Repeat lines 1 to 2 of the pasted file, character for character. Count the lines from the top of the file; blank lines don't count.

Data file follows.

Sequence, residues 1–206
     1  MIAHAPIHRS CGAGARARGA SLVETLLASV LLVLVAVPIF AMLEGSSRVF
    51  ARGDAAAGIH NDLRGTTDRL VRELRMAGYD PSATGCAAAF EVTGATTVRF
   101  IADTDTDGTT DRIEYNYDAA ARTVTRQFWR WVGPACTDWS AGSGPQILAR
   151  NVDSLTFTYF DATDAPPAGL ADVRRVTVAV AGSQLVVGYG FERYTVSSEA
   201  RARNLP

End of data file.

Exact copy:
Sequence, residues 1–206
     1  MIAHAPIHRS CGAGARARGA SLVETLLASV LLVLVAVPIF AMLEGSSRVF